I decided to leave teaching after I had my two children. I really enjoyed being in the classroom but really resented the amount of time I was spending on planning, marking etc.
When my children were small I wanted to spend my spare time with them, and I didn’t want them growing up thinking that all mummy did was work.
I found myself leaving school as quickly as I could after the children had gone home so I could collect my boys from nursery. Then I’d spend my whole evening working once they had gone to bed.
It wasn’t sustainable, but I knew I couldn’t just leave. I needed something else to move to, and that’s where the decision to retrain came in.
Positive birth experiences
I’d had a really positive homebirth experience with my second son and really wanted to be able to support other people to have positive birth experiences, not just the negative ones you hear about or see on TV.
My husband gave me the push I needed when he got bored of me complaining about One Born Every Minute! If it wasn’t for him and his support and encouragement I would probably still be teaching.
The Daisy Foundation
The Daisy Foundation is a national company, and I joined and trained as a licenced teacher in 2012.
Having taught Daisy classes for eight years I made the decision to establish my own company so that I could expand my offerings. I still teach Daisy classes but having my own company will allow me to continue training in areas that interest me and to support families in even more ways.
Being a teacher
I had always wanted to be a teacher – I was one of those people who just knew what they wanted to do when they grew up.
My mum was a teacher so I think I was probably influenced by that. I took the traditional route of GCSEs, A-Levels and University, leading to my first job on the outskirts of London. I taught for 10 years before changing my career.
There are many elements of the job I miss. I loved being with the kids (I taught infant school children) and seeing their enthusiasm and pleasure in simple things. I was fortunate that I was involved in organising a huge annual schools’ music festival, so I continued to get my teaching ‘fix’ by spending the summer terms visiting schools to teach choirs and then bringing them all together on the night.
When my boys started school I also volunteered, ran the school choir and did a bit of supply teaching at their school, which fit in perfectly with the rest of my life! It really helped me transition between my two careers.
Setting up my business
I’m a qualified perinatal educator, which means I work alongside families through pregnancy, birth and beyond. I teach antenatal classes and workshops to prepare parents for labour, and run baby massage and yoga classes and workshops on things like introducing solids.
This year, I will be training as a postnatal doula, supporting families after their babies have been born as they adjust to life together.
I am also a member of the team running Informed Pregnancy, Birth & Beyond. We are a volunteer-run local group that provides free support through a Facebook community group and regular meet-ups.
What do I love about my job
I love everything about my job (well, except maybe the admin but I’ll put up with that to be able to do the rest of it!).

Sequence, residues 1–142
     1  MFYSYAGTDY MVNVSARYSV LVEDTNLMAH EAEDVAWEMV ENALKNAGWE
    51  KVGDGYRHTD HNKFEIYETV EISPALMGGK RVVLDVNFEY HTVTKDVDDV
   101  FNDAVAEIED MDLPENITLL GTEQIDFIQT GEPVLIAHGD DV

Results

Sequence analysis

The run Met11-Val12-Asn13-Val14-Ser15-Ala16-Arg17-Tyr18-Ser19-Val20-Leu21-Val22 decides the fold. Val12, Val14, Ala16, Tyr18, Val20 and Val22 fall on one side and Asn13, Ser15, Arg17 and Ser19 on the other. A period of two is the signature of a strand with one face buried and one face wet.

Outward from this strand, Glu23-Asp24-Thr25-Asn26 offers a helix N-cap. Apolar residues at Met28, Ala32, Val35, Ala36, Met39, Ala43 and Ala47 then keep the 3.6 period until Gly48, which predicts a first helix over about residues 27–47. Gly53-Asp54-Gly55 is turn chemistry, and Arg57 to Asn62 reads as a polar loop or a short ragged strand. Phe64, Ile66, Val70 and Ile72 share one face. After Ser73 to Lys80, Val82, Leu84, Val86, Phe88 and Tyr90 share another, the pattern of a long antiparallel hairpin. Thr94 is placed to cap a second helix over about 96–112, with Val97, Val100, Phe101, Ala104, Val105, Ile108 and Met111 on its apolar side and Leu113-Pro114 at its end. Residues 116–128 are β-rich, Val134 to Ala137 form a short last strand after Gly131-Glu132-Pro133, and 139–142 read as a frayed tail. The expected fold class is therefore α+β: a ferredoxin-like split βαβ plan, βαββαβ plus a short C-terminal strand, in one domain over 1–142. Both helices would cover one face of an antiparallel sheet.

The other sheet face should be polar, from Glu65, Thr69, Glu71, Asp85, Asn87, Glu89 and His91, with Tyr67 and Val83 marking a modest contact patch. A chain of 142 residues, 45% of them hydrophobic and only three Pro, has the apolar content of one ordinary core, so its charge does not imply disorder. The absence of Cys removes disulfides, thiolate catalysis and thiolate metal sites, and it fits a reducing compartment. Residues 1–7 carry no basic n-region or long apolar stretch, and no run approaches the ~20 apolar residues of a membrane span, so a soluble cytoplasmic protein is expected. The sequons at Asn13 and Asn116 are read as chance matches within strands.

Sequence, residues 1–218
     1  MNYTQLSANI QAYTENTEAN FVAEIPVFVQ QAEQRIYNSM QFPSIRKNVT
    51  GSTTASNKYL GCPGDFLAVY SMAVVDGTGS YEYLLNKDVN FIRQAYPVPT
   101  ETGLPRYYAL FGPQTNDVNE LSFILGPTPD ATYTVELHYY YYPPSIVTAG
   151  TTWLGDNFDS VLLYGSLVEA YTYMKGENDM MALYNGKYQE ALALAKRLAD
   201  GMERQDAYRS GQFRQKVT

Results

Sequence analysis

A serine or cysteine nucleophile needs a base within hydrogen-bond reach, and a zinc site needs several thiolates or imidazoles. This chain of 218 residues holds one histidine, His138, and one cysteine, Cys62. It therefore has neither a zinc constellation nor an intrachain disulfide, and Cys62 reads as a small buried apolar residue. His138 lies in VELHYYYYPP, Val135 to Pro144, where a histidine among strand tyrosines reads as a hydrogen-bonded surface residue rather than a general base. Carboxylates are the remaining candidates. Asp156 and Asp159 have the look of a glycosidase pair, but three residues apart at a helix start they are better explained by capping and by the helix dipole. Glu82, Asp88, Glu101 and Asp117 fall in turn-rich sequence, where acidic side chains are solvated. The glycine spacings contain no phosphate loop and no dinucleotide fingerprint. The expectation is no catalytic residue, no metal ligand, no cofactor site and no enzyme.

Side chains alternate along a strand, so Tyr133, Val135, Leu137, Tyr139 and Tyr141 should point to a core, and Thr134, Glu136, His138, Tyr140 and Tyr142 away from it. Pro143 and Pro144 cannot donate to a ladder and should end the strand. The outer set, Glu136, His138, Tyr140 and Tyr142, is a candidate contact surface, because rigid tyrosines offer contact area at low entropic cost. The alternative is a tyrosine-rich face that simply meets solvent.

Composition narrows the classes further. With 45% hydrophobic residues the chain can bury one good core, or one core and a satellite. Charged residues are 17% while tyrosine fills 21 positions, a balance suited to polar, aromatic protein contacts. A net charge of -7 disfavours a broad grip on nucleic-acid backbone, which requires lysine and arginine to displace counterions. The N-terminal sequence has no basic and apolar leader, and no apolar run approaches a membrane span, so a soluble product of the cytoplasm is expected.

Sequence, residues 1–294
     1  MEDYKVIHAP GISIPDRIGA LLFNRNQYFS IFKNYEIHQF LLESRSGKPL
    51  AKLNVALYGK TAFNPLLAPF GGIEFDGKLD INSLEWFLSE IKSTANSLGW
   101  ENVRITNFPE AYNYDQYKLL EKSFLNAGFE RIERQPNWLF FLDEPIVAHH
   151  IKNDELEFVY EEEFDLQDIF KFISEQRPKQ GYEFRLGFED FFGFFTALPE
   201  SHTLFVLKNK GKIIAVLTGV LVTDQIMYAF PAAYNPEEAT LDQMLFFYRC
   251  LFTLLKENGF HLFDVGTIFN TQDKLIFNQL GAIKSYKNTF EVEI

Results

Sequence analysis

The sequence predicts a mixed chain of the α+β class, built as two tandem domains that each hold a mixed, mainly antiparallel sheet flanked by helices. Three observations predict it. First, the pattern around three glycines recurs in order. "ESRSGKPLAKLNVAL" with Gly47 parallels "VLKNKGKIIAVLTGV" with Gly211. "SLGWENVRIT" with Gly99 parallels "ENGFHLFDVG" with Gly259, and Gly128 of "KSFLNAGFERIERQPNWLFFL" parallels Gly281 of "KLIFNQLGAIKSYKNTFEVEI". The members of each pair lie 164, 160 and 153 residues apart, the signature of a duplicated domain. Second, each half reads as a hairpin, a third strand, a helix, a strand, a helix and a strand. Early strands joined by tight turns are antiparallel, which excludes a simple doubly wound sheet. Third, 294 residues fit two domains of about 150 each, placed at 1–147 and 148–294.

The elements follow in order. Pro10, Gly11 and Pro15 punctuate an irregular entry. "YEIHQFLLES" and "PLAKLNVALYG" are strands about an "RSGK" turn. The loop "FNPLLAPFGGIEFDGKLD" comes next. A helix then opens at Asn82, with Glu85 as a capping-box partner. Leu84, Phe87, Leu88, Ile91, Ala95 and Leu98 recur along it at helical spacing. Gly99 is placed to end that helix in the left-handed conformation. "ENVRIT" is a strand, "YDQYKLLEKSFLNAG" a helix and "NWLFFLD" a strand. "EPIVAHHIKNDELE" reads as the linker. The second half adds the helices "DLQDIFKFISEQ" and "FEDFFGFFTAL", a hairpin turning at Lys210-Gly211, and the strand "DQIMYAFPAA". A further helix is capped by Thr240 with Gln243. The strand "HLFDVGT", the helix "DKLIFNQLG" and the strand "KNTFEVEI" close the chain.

I love supporting families at the most important time in their lives and I love the continuity of care I provide and following peoples’ journeys. Quite often they’ll join me when they’re pregnant with their first baby but then come back when they have their second, and sometimes even third baby! So many of those people have become friends.
I love that I am my own boss and can make my own decisions. I make my work fit around my family and that has evolved as my children have grown up. When they were little I only worked one day and evening a week, but now they are older I run up to 10 classes over the course of a week.
Becoming self-employed has given me so many opportunities and I love meeting new people and making connections.
Classes during the pandemic
The past year has been a massive learning curve and has required a lot of adaptation!
When the ‘stay at home’ notice was first given I was mid-term and had to learn how to use technology to deliver classes very quickly! Before I knew it I was running antenatal classes and baby massage and yoga classes via Zoom, bringing together mums who were now unable to socialise and found themselves very isolated. It wasn’t always easy but I knew that the classes were making a difference.
My living room became a studio and I found myself talking about microphones, webcams and tripods – kit that was completely alien to me.
At a time when we being told to stay home and stay safe, I was able to provide a space where people could come together and not feel alone – something that is so important when you have a baby. Alongside classes I offered free sessions of singing, stories or relaxations in my Facebook group to try and keep people connected and little ones entertained.
Continuing to run classes throughout the pandemic has given me a real focus, and has also given me that contact with other people that I missed so much.
Advice to my younger self
Don’t get caught up in what you think you should do. Don’t stay in a job you don’t enjoy and don’t stick with something because you’re worried you’ll disappoint someone if you don’t. Life’s too short to be unhappy in your work.
My parents both had the same career their whole lives, and I thought that was what you were supposed to do, but I now know you can do what you like.
When most of us will be working for at least 40 years it makes you realise that’s a lot of time in which you could do a lot of things!
When I went to uni to become a teacher I had no idea what the future had in store for me. Changing careers can be daunting but so rewarding. Who knows what I’ll be doing in 20 years’ time.
To find out more about Sarah Lewis Pregnancy & Postnatal Services, visit: sarahlewis.uk